there is a story among the Naboo, about a girl who went down to the shore and saw a man drowning, there in the deep water. She was a great swimmer (children of Naboo are) and so she shed her clothing and came out to him with strong, sure strokes. Yet he was desperate and flailing and would not heed her, and in his panic he dragged her down with him, into the dark water.
Her lungs were not so deep as his. She drowned.
this is a lesson, the mothers of Naboo tell their children. sometimes, to be strong and good-hearted is not enough to save yourself.
No one on Naboo seems to remember the name of the girl who went down to the shore. Girls in tales don’t need names.
(this story is different among the gungans. They say: there was a girl, and as she sank down into the darkness and the mud, she opened her eyes and breathed in, and she became a gungan, for nothing is made and nothing is destroyed, and all water that was once snow comes around again in rain.
Death is a rare thing, the gungans say. The rest is just a change of states.)
I’ve been thinking a lot about the next Star Wars movie lately, and about the astronomical (ha) hopes I have pinned on it to be even better than the last. I went looking for fics to preemptively fill the hole in my heart, but in the end I discovered one that, while excellent, doesn’t really speculate about the future of the sequel trilogy at all. (The AO3 gods are just like that sometimes.) While those immortal dead doesn’t offer any great ideas about what might happen next, it does offer a bittersweet perspective into what has already happened: namely, the passing of Padmé Amidala and its effect on the people in whose lives she would have otherwise been.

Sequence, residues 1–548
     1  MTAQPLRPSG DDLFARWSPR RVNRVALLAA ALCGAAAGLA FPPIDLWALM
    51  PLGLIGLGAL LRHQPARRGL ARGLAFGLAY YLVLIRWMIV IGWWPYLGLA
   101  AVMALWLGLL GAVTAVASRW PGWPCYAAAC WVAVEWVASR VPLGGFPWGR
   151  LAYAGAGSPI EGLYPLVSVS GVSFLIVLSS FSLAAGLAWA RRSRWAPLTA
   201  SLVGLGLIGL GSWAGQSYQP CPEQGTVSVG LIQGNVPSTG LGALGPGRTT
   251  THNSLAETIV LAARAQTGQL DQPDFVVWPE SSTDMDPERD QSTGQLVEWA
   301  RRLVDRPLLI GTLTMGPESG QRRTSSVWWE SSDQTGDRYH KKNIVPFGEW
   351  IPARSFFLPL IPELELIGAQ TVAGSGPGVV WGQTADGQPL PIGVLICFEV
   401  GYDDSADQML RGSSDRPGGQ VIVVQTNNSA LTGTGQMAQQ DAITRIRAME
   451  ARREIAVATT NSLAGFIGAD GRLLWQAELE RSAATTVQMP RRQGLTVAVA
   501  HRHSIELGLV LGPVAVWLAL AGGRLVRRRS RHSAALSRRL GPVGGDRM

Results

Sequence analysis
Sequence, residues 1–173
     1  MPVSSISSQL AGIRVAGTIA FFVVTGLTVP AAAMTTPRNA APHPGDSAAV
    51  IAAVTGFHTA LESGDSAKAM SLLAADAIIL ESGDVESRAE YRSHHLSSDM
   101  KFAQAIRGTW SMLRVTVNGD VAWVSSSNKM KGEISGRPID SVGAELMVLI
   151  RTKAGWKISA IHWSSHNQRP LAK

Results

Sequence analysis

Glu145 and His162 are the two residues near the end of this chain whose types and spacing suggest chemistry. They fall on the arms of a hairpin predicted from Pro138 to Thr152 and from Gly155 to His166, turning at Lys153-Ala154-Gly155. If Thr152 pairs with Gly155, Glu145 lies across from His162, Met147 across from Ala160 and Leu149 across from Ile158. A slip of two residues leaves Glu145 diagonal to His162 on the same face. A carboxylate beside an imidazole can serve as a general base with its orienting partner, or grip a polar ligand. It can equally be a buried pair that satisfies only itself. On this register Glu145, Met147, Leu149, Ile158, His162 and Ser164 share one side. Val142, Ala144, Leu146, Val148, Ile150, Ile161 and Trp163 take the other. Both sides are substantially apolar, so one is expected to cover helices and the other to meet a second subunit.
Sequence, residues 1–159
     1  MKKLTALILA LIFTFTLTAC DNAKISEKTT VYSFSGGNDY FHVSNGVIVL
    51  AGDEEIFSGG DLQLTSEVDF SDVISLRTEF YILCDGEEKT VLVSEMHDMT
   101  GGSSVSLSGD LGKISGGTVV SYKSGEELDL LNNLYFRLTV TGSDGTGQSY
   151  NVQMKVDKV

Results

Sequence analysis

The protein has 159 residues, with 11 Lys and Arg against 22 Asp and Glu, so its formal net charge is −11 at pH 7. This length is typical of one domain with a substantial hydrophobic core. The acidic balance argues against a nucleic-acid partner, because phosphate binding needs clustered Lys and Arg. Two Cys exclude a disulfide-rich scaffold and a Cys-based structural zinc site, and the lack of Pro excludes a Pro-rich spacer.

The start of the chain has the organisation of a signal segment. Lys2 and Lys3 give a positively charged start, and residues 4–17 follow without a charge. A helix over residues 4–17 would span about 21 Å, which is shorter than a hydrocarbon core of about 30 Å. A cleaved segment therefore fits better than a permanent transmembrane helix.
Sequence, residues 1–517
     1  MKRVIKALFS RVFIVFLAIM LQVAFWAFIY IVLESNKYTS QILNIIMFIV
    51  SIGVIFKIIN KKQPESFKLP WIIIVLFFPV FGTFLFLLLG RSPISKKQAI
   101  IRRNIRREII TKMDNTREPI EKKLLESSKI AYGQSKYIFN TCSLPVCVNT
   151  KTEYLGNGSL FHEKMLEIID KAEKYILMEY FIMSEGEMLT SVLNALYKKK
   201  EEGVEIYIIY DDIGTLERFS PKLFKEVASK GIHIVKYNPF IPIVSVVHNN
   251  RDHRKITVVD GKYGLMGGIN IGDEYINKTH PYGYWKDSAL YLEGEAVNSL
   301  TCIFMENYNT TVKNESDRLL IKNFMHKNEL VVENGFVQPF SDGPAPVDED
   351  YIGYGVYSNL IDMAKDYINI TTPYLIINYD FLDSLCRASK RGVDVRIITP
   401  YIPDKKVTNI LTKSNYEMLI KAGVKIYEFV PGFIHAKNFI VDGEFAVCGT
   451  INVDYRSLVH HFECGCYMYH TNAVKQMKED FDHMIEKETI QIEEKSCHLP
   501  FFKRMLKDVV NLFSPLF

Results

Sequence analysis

While the prequel trilogy remains one of the great travesties of our time, there’s no denying that so many aspects of it had potential for excellence. One of these aspects is, of course, badass woke teenage Queen-turned-Senator Padmé Amidala, who could defend liberty in the Senate, hold her own in a gunfight, and carry on a torrid love affair in secret, all while serving lewks like you wouldn’t believe. Padmé’s tragic end, dying from ~sadness~ after giving birth to the twins, is a downright disgrace, but fanfic (and a tendency toward ghosts in this particular canon’s universe) allows that wrong to be somewhat righted.
those immortal dead offers a look at the lasting effect Padmé’s life had on the galaxy, whether that’s through a ghostly visit to a grandson to calm his night terrors, or through a pre-Imperial politics class in which Poe Dameron waxes rhapsodic about the anonymously penned Naberrie Papers (Padmé’s parents were from House Naberrie). One of the most fascinating things about the story is that while it touches on a variety of characters from the prequel to the original to the sequel trilogies, it never actually mentions Padmé’s name in the story. The effect of this is to reinforce the idea that Padmé’s ghost is present here, a presence we can feel but don’t have a name for, while also making us desperate to reach into the story and cry out to the characters: “Her name was Padmé; she was an inspiration and a hero.”
those immortal dead is complete at a brief 2,100 words, and while it’s a bittersweet morsel, it’s so worth the read. You can find it here at the AO3.
Hear more from Lady Saika on Character Reveal, the podcast she cohosts with BrothaDom!